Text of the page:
Because corrections to the errors are independent of mass, a single set of correction factors can be created for a plurality of addressable locations on a substrate using a calibration substance having a known m/z value. The set of correction factors can be used to correct for time-of-flight values, or values derived from the time-of-flight values, for other analyte ions with different m/z values. For example, a set of correction factors for a first plurality of addressable locations on a first sample substrate can be created using a calibration substance that has a mass of 100 Daltons. The correction factors can be applied to uncorrected time-of-flight values for analytes on a second plurality of addressable locations on a second sample substrate. Errors in the uncorrected time-of-flight values can be corrected using the correction factors. For example, the analytes on the second plurality of addressable locations may have masses above or below 100 Daltons (e.g., 500 or 1000 Daltons). The set of correction factors can also be used to correct errors in the time-of-flight values associated with subsequently processed analytes on third, fourth, etc. sample substrates of similar geometry and with similarly positioned addressable locations.

In embodiments of the invention, a “calibration substance” includes a substance that is used to form correction factors. The correction factors are used to correct for errors such as errors in time-of-flight values in a mass spectrometry process. A calibration substance has a known mass and generally a known m/z value. An “analyte” refers to one or more components of a sample that are desirably retained and detected. Examples of analytes and calibration substances include chemical compounds and biological compounds. Examples of biological compounds include biological macromolecules such as peptides, proteins, nucleic acids, etc. Sometimes, the calibration substance and the analyte are the same type of material (e.g., both peptides).

Methods including forming correction factors using time-of-flight values and applying the correction factors to uncorrected time-of-flight values are discussed in detail. However, it is understood that correction factors can also be created using higher order values. The higher order values are derived from time-of-flight values. Thus, in embodiments of the invention, “values derived from the time-of-flight values” include any suitable value obtained from a time-of-flight value including higher order values such as mass-to-charge ratio values. Correction factors based on such higher order values can be applied to similar, uncorrected, higher order values to form corrected higher order values. Examples of such higher order values include mass-to-charge ratio values. As will be explained below, correction factors can be created using mass-to-charge ratio values. The correction factors can then be applied to uncorrected mass-to-charge ratio values to form corrected mass-to-charge ratio values.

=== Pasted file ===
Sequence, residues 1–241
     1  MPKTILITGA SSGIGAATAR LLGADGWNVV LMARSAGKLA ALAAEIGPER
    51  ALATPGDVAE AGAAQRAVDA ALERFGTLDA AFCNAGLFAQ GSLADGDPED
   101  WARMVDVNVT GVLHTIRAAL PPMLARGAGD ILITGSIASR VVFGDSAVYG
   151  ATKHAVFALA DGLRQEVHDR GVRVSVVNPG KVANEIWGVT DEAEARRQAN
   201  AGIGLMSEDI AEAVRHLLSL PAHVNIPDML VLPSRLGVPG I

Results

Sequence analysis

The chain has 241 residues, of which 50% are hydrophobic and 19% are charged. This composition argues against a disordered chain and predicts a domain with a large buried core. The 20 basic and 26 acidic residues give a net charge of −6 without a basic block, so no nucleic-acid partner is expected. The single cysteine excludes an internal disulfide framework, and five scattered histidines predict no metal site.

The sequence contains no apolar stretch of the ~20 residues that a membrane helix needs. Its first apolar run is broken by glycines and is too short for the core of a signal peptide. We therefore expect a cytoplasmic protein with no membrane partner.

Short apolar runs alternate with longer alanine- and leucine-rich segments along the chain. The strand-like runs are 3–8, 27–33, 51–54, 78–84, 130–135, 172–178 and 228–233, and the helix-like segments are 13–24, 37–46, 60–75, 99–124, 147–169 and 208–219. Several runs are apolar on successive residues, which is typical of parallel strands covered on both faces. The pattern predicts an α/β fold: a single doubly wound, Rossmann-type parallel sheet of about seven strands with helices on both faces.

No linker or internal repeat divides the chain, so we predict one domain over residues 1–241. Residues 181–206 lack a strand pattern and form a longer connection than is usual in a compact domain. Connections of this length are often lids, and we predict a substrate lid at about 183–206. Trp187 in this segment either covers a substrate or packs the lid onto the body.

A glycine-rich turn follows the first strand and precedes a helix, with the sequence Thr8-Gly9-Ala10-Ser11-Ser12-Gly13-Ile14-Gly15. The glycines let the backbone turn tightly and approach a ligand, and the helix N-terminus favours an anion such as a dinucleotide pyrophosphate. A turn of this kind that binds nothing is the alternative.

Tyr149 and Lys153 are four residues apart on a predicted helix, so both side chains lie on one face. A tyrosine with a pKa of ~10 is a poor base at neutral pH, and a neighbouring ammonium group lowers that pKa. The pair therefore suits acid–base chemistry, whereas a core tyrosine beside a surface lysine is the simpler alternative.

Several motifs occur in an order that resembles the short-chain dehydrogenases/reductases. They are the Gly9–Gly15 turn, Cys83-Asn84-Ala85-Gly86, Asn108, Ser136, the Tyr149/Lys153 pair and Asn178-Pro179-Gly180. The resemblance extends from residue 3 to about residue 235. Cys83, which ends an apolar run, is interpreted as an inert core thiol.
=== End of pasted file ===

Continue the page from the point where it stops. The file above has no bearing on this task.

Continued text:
In embodiments of the invention, a correction factor is created for each addressable location on a sample substrate using one or more calibration substances on each addressable location. Each “addressable location” on a sample substrate can refer to a location that is positionally distinguishable from other areas on the sample substrate. The sample substrate contains a plurality of the addressable locations, and one of the addressable locations can be designated as the reference addressable location for the sample substrate.

Correction factors for each addressable location are calculated using the time-of-flight values, or values derived from the time-of-flight values, for the calibration substance at the reference addressable location. Each correction factor can be unitless and corrects a time-of-flight value, or a value derived from the time-of-flight value (e.g., an m/z value), for the calibration substance on a particular addressable location with respect to the reference addressable location. The correction factors may be derived using experimental data. Once created, each correction factor can be used to correct time-of-flight values, or values derived from time-of-flight values, for one or more analytes on an addressable location with respect to the reference addressable location. Correcting time-of-flight values, or values derived from the time-of-flight values, substantially eliminates the variance in the values caused by changes to the accelerating electrical field strength.

Preferably, the same set of correction factors can be used for many sample substrates, because the mass spectrometer stores the correction factors in memory. These correction factors may be retrieved by a digital computer as often as desired to correct for errors in time-of-flight values, or values derived from time-of-flight values. Unlike conventional methods, the mass spectrometer not need be re-calibrated with a calibration substance for every subsequently processed sample substrate. Of course, the user may calibrate the mass spectrometer as often as desired to compensate for any drift in other factors of the mass spectrometer over time.